In 1798 the first church structure, which had faithfully served Ebenezer for thirty-seven years, was heavily damaged by a violent storm. Since it was no longer functional, the Consistories decided to erect a new two-story log building with galleries and "other conveniences of the time" on the site of the old church. A church record, dated November 22, 1798, states the following:
"Inasmuch as we find that our supply of money, which you have from the beginning gathered in great readiness, is insufficient to complete the work (relating to the church building), we ask you for further contributions and we believe no member of true Christian feeling will say no. A record of this contribution shall be inserted in the church book."
Following this notation, there appears a list of fifty-three people whose contributions are listed in schillings and pence.
One year prior to the election of Thomas Jefferson as the third president of the United States, Jacob Oswald of Ebenezer Church, John Smith of Jacob's Church, and Ferdinand Ritter of Bethel Church, entered into an agreement with John Penn of Bucks County to purchase a twelve-and-one-half-acre piece of land. According to a deed filed in Berks County on October 17,1799, the property was located approximately one-fourth of a mile east of the village of Lynnport and south of the original Thomas Everett property formerly occupied by the late Stewart Hamm, a member of Ebenezer Church.4 It is believed that the three churches had planned to build a common Reformed parsonage on the site. However, there is no evidence that the plan, believed to have originated in 1790, was carried out; nor do we know how the land, which became known as "Pfarrers Land" (Pastor's Land), was disposed of.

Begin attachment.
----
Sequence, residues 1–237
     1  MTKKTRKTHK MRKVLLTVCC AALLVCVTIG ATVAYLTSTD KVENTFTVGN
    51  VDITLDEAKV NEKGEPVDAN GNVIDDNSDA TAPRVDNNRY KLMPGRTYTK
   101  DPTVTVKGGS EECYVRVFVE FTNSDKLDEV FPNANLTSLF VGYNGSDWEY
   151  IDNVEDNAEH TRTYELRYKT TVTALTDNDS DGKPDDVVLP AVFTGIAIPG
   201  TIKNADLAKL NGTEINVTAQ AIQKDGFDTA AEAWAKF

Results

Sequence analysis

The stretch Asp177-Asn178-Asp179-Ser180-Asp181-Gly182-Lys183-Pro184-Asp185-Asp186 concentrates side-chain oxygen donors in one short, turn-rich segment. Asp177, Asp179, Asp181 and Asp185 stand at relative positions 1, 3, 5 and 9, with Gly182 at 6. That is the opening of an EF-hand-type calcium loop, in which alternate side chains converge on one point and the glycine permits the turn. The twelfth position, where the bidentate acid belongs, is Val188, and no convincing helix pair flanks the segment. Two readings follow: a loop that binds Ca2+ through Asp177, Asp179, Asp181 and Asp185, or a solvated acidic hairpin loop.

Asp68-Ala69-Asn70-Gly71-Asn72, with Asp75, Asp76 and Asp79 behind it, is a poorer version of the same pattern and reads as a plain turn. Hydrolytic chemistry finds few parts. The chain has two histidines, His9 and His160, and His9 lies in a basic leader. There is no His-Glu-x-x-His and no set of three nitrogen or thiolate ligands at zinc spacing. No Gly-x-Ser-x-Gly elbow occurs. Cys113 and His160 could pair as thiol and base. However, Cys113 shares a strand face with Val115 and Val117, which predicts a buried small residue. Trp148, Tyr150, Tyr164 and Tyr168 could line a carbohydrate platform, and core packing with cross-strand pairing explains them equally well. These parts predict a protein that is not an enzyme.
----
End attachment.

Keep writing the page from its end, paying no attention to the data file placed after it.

As the Ebenezer Lutheran and Reformed congregations entered into the nineteenth century, for some unknown reason they had not yet been granted an official title to the church property purchased in 1760. In fact, it was to be fifty-one years later, 4 January 1811, that a deed, giving title to the forty-three-acre property, was officially recorded in the Northampton County Courthouse. Exactly fourteen months later, 6 March 1812, the property became a part of the newly formed County of Lehigh.
Fourteen months prior to the official recording of the deed for the church property, the Ebenezer Church Joint Consistories commissioned Stephen Balliet, Jr., a surveyor, to conduct a survey of the property. A reproduction of the surveyor's sketch and comments, dated 6 November 1809, appear here with a more recent surveyor's sketch.
In the year 1816, as James Monroe was campaigning for president, the United States of America was being rapidly expanded westward by settlers with ax and gun. At the very same time, newly formed Lehigh County and, specifically, Lynn Township were also experiencing rapid changes and expansion. A new community was being laid out on land adjacent to the eastern perimeter of the Ebenezer Church property. The owner, Samuel Ely, subdivided the land into numerous lots which he then offered for sale. The developed tract became the village of New Tripoli, which was to provide Ebenezer Church with many new parishioners in the ensuing years.
It is believed that eight gentlemen served as pastors to both congregations of Ebenezer Church during the time of the second building. They are listed according to dates considered to be fairly accurate regarding length of service:
Daniel Lehman 1798 - 1806
Friedrich Gaisenheimer 1806 - 1808
Johannes Knoske 1811 - 1823
C. F. J. Saeger May have been a Supply pastor
Friedrich William Van der Sloot 1798 – 1803
Johann Heinrich Helffrich 1804 – 1810
Heinrich Diefenbach 1810 – 1816
Johannes Helffrich 1816 – 1824
Figure #2 Surveyor’s Sketch of Church Property (1975). Note location of the present church building and the Reading Railroad right-of-way which bisected the church property until the early 1960’s. From church archives.